In honor of pride month, we've asked our LGBTQ+ authors what PRIDE means to them. Please welcome Serenity Snow to the blog today...
Even in today’s society being a lesbian still raises brows as much as being gay does. Curious stares abound and that’s okay, but hate is unacceptable.
Love doesn’t come in colors—I don’t see color really which is one of the reasons I write interracial romance and why my characters are often neither black nor white. I’m neither. I’m Indian, black, and white. I see a rainbow rather than race, and I see the same when it comes to love.
I think if two consenting adults find something special in each other, it’s no one’s right to contradict that. It’s as natural for two women or two men to love each other as it is for a man and a woman to love each other. Love doesn’t feel differently, act different, or hurt differently because it’s two people of the same sex.
I know women who refuse to acknowledge their sexuality and live as unhappy straight women. They deny being lesbian for fear of losing family support, of losing religious support, and even friends.
Criticism can be very difficult to deal with in sexuality and even more so than in other areas of life because it’s one of the points that society seem to agree is wrong or not right. Ironically, I don’t think the criticism is as much about the love as it is about the sex.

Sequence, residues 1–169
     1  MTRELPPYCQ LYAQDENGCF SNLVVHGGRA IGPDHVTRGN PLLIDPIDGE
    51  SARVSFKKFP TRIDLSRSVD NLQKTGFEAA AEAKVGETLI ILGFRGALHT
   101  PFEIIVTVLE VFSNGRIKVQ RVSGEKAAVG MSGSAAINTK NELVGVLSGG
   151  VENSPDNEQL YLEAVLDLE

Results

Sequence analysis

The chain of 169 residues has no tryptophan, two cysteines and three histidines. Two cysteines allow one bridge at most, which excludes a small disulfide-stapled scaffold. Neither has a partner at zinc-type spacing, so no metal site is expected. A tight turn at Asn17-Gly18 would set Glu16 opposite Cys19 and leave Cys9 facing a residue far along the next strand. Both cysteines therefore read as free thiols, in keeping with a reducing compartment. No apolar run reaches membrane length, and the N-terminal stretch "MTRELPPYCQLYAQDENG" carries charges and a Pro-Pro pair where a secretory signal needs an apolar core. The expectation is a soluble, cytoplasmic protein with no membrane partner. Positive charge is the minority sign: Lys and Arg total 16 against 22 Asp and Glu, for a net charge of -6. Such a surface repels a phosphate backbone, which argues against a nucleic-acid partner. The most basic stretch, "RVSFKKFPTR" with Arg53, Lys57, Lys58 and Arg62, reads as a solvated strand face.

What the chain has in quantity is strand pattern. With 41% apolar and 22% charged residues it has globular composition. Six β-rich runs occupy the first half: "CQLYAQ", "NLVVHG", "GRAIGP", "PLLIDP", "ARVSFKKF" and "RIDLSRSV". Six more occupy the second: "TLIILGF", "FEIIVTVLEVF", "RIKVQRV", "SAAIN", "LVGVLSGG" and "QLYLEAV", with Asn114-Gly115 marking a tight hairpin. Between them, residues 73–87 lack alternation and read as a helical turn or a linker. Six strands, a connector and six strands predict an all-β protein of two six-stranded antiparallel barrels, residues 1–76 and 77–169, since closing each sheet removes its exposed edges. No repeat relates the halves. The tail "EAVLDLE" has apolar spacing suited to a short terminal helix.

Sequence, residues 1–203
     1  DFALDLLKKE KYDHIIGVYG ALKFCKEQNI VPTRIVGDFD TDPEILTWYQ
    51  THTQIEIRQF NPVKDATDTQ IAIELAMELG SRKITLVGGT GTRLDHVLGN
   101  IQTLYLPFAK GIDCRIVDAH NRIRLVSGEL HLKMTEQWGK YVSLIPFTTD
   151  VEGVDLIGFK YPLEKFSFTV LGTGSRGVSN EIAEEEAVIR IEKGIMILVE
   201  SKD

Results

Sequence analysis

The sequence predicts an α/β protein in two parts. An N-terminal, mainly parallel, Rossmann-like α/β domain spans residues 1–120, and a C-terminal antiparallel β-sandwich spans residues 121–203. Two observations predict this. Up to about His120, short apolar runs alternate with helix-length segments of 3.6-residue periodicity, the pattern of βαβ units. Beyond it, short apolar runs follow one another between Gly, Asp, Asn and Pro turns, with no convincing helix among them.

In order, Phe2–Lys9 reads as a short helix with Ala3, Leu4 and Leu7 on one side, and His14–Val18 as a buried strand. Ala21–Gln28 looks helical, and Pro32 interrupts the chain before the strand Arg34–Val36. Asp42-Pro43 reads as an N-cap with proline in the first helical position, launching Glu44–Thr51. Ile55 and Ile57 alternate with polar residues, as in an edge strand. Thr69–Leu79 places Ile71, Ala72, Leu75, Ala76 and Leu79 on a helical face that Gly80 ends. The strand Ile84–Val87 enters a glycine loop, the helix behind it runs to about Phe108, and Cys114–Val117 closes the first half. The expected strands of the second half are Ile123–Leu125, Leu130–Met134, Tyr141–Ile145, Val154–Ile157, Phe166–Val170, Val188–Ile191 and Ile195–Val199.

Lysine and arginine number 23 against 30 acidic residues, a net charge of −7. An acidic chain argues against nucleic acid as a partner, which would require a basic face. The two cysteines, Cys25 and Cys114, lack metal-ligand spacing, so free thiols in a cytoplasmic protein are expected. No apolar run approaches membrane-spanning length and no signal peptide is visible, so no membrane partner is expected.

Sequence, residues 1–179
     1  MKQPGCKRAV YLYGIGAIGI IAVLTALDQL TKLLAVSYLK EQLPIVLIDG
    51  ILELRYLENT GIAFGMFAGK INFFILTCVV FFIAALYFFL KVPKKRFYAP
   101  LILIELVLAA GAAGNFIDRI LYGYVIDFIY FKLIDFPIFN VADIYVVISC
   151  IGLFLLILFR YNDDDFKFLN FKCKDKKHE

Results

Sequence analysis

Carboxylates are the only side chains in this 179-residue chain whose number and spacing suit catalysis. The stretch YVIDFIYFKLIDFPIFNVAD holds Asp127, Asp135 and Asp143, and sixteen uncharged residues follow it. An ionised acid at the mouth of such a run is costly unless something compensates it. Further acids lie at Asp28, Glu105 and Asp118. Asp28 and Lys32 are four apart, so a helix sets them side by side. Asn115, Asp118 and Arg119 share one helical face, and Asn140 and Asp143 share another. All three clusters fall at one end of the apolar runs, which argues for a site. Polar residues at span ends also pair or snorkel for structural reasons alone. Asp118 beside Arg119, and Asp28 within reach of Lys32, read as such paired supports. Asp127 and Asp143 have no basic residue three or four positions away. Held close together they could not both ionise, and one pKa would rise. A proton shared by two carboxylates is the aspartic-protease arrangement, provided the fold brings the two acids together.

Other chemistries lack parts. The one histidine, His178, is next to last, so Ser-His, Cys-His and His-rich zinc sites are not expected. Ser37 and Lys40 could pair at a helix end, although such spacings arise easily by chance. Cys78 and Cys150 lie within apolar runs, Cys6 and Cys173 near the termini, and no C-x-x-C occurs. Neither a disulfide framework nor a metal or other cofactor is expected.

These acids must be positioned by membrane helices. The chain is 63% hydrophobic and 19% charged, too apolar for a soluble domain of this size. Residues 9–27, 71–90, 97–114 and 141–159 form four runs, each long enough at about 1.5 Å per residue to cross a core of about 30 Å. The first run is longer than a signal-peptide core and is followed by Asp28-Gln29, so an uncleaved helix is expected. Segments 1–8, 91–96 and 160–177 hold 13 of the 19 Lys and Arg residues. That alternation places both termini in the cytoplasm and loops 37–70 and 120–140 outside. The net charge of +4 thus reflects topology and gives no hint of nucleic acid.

I think for a lot of straight people sex is an issue in so many ways and when you add two people of the same sex into the mix you add another layer that’s almost taboo. So much about sex is still dirty or unmentionable to people.
Oral. Anal. To do or not to do and the very idea of gay people engaging in the taboos seem to terrify some people as if the planet will flip over.
Course when people aren’t bringing in sex it’s the crutch of religion. My fave—god create Adam and Eve not Adam and Steve. Well, hell, Steve didn’t bring up from nothingness. He got created too. It saddens me to hear people using faith as means to justify their own fear when sexuality doesn’t rub off. So, there’s no reason to attack someone for loving differently.
I rarely incorporate issues with sexuality in my books but in the ones that I have, I take from my own life and experience with familial reactions to the gay family members. The cruel attempt to control and shape, or change, or shame into straightness, are things I’ve known. The rejection is kept to a minimum but it’s there in the cold stares and scrunched up faces as if there was a bad smell in the air.
Where there are two consenting adults, I don’t see an issue. I think the love should bloom like a sunflower—big and beautiful.
Law and Love, 1
Lucky Cane is a hotshot criminal defense attorney coming off a big win when her ex Caroline Woodland asks her for help. Lucky’s reluctant to be anywhere near the closeted lesbian she fell in love with during their brief fling, but something about Caroline won’t let her walk away.
Caroline knows Lucky is a threat to her safe way of life. Getting too close to her will tear her world apart, but Caroline is a social worker and she knows Lucky is the only person who can help an orphaned teenage-girl accused of murdering her mother.
Lucky is all set to pass the case off to avoid contact with Caroline. However, Lucky quickly realizes the teenager holds the answers to more than just one murder, but can she keep the girl alive and prevent Caroline from breaking her heart again?
Be Warned: f/f sex, sex toys
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